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3M VST and EVR

Written by Kevin Gordon

Call me old fashioned but technology for the sake of technology just doesn’t interest me. What I may consider no great deal may be life changing to someone else. For example, my youngsters can’t live without their IPODs, while I really don’t care whether it can hold 100 or 1000 songs. I need to know what it will do for me before I take an interest.

This is also true with how I view technology and our chosen profession of law enforcement. For example, vehicle based laptop computers are nothing but mobile typewriters unless they are connected to a wireless system and can provide some other service.

Certainly a lot of new items make the law enforcement job easier but then we find things that can truly change how we do things. This includes items previously discussed such as Trimble’s T-Ticket mobile software, Project54, L3 Communications’ Flashback Digital Video Recorder and the LexisNexis new module that allows agencies to search, locate, and map addresses for sexual offenders.

Some products from 3M also fit in the category. Ask the average citizen what 3M makes and you are bound to hear Scotch Tape. Others will think of reflective items or maybe insulation items. But 3M is so much more and two products they are developing are worth discussing.

As with many vendors and manufacturers, products are being developed in response to the terrorism threat. For years 3M has provided various reflective supplies including items for vehicle license plates. A new technology developed by 3M’s Traffic Safety Systems Division introduces a mark in the reflective material that is difficult, if not impossible, to duplicate in an effort to thwart the counterfeiting of plates.

The new product is Ensure™ Virtual Security Thread (VST) and is similar to security marks used in currency to prevent counterfeiting. It is indelible and most importantly, can’t be duplicated digitally. The mark is visible and is three-dimensional. It is actually embedded in the reflective surface of the license plate and appears as a double wave pattern. One part appears to float above the plate while the other one spears to sink.

Many officers are familiar with 3M’s Ensure™ Emblem, which has been used for years. The Ensure Emblem must be viewed at a specific angle. The new Ensure VST is easier to see and is visible in both nighttime and daytime conditions. Together VST and the Emblem can create an image that is unique for the state (or country) issuing the plates.

Unique, nearly impossible to duplicate license plates are a far cry from just a few years ago. But then again in the recent past we would have never thought about license plates being counterfeited. Seems to me I can remember a time as a young man when you showed you had applied for a plate by hanging a piece of cardboard on your vehicle with “license applied for” on it.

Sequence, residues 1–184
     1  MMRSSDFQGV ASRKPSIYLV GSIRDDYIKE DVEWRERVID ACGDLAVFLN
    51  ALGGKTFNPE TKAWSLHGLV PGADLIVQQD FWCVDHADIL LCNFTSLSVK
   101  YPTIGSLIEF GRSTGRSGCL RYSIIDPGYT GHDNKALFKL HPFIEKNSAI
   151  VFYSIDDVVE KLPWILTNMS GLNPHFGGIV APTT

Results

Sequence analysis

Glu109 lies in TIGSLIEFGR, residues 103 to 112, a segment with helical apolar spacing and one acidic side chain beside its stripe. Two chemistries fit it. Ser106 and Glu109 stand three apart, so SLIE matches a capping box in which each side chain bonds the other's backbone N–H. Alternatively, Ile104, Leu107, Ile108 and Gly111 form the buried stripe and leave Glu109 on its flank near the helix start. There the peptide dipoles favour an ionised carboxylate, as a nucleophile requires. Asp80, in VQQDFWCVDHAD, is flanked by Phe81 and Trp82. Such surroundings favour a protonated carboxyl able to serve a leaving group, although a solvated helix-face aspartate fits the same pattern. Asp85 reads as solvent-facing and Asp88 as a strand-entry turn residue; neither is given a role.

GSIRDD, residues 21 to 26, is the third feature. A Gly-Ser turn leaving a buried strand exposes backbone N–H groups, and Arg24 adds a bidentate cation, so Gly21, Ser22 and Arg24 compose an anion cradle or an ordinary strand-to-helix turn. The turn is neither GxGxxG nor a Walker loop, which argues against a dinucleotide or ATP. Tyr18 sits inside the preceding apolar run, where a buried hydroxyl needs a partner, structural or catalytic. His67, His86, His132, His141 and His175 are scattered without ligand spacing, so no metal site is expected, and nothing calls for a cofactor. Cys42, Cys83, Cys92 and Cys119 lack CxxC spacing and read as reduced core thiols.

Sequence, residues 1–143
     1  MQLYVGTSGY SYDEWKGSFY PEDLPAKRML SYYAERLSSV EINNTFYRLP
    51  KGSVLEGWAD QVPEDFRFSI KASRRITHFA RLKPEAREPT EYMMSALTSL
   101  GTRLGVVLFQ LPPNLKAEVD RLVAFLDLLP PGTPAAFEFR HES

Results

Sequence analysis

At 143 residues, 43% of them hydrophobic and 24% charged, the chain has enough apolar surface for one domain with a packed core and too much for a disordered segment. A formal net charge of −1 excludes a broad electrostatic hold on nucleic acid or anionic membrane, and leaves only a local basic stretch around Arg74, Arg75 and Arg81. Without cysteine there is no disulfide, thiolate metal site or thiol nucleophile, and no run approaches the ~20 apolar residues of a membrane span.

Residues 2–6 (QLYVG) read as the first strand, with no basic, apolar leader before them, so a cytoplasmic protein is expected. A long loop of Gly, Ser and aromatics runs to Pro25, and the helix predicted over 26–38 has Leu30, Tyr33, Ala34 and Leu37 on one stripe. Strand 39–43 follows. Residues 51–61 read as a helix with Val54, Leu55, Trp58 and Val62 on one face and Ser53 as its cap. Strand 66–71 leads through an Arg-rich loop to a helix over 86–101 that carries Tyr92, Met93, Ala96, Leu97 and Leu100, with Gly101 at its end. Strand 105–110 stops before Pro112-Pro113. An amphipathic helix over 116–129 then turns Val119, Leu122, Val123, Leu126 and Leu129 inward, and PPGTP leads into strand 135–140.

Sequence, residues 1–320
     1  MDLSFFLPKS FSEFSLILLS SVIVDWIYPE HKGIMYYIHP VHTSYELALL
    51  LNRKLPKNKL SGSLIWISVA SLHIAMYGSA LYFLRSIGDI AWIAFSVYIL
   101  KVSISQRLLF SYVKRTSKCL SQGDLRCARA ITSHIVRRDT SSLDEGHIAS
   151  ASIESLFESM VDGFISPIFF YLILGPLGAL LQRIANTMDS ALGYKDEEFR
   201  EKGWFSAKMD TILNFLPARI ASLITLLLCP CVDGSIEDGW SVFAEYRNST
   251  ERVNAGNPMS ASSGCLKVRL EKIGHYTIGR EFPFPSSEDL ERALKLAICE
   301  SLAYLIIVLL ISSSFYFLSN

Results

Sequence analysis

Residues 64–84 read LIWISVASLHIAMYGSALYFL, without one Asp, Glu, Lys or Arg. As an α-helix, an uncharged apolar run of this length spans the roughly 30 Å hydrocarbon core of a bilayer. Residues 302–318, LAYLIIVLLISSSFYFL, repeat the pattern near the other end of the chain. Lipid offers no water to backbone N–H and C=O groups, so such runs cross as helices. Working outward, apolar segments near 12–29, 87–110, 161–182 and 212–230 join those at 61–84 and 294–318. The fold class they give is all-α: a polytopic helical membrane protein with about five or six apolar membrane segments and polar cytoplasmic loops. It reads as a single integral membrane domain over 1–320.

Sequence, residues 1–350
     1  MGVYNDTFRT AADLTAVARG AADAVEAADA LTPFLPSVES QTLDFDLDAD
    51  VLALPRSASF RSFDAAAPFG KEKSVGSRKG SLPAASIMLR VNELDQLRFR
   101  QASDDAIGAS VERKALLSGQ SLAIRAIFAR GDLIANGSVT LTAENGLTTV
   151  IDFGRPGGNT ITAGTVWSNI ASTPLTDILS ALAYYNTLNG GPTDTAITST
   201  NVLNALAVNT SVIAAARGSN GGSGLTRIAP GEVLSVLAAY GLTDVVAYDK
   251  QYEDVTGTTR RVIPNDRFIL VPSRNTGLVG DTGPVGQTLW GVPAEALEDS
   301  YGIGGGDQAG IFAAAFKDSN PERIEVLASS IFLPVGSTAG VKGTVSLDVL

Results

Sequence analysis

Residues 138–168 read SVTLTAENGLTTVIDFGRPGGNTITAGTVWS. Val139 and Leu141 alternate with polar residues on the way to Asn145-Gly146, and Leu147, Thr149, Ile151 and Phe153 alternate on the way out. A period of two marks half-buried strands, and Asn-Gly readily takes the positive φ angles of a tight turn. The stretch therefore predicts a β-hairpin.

3M is also exploring the area of electronic vehicle registration (EVR) using Radio Frequency IDentification (RFID) and wireless technology to electronically identify vehicles and validate vehicle data. Years ago I watched Robocop and saw the barcode license plates. I thought how great it would be to “scan” the vehicle as it went by and just mail the ticket. EVR isn’t a barcode in that sense but we’re getting there!

With the EVR system, an electronic identification code is created, unique to each vehicle, and a tamper-resistant windshield sticker is installed on the vehicle. The code is linked to the central host database of vehicle and owner information. The EVR system is designed with security in mind and prevents fraudulent use. It could be used to track vehicles in secure areas as well as other transportation areas.

It doesn’t take much imagination to see where this will evolve to. Imagine driving your squad with a RFID reader mounted to your dash. Nothing large or obnoxious, but small and almost unnoticeable, like a radar detector used by the public. As you drive around it automatically notifies you of vehicles that are in violation of their registration, vehicles that are not properly inspected, and vehicles that are not properly insured.

Now take it to the next level: a reader mounted in a stationary position on a roadway that automatically checks traffic 24/7/365, detecting out of compliant vehicles and generating citations.

The EVR system can also be used to automatically capture data for on-site reports such as citations and accident reports. Officers can be alerted about important and pertinent vehicle information prior to their approach. On a more basic level, the officers can clear traffic accidents quicker. The sooner the officers can leave an accident scene and return to patrol, the sooner their safety increases.

3M expects EVR to lower annual renewal costs as well as increase revenues and to benefit not only the Departments of Motor Vehicles and law enforcement but also motorists and the general public as well.

Kevin Gordon spent 25 years in law enforcement and retired as a chief of police. He can be reached at Kevin@KGordon.com.

Published in Law and Order, Jan 2006

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EVR (Electronic Vehicle Registration)RFIDTechnological InnovationsTraffic Accident InvestigationTraffic Law EnforcementTraffic Monitoring EquipmentVST (Virtual Security Thread)
 
 
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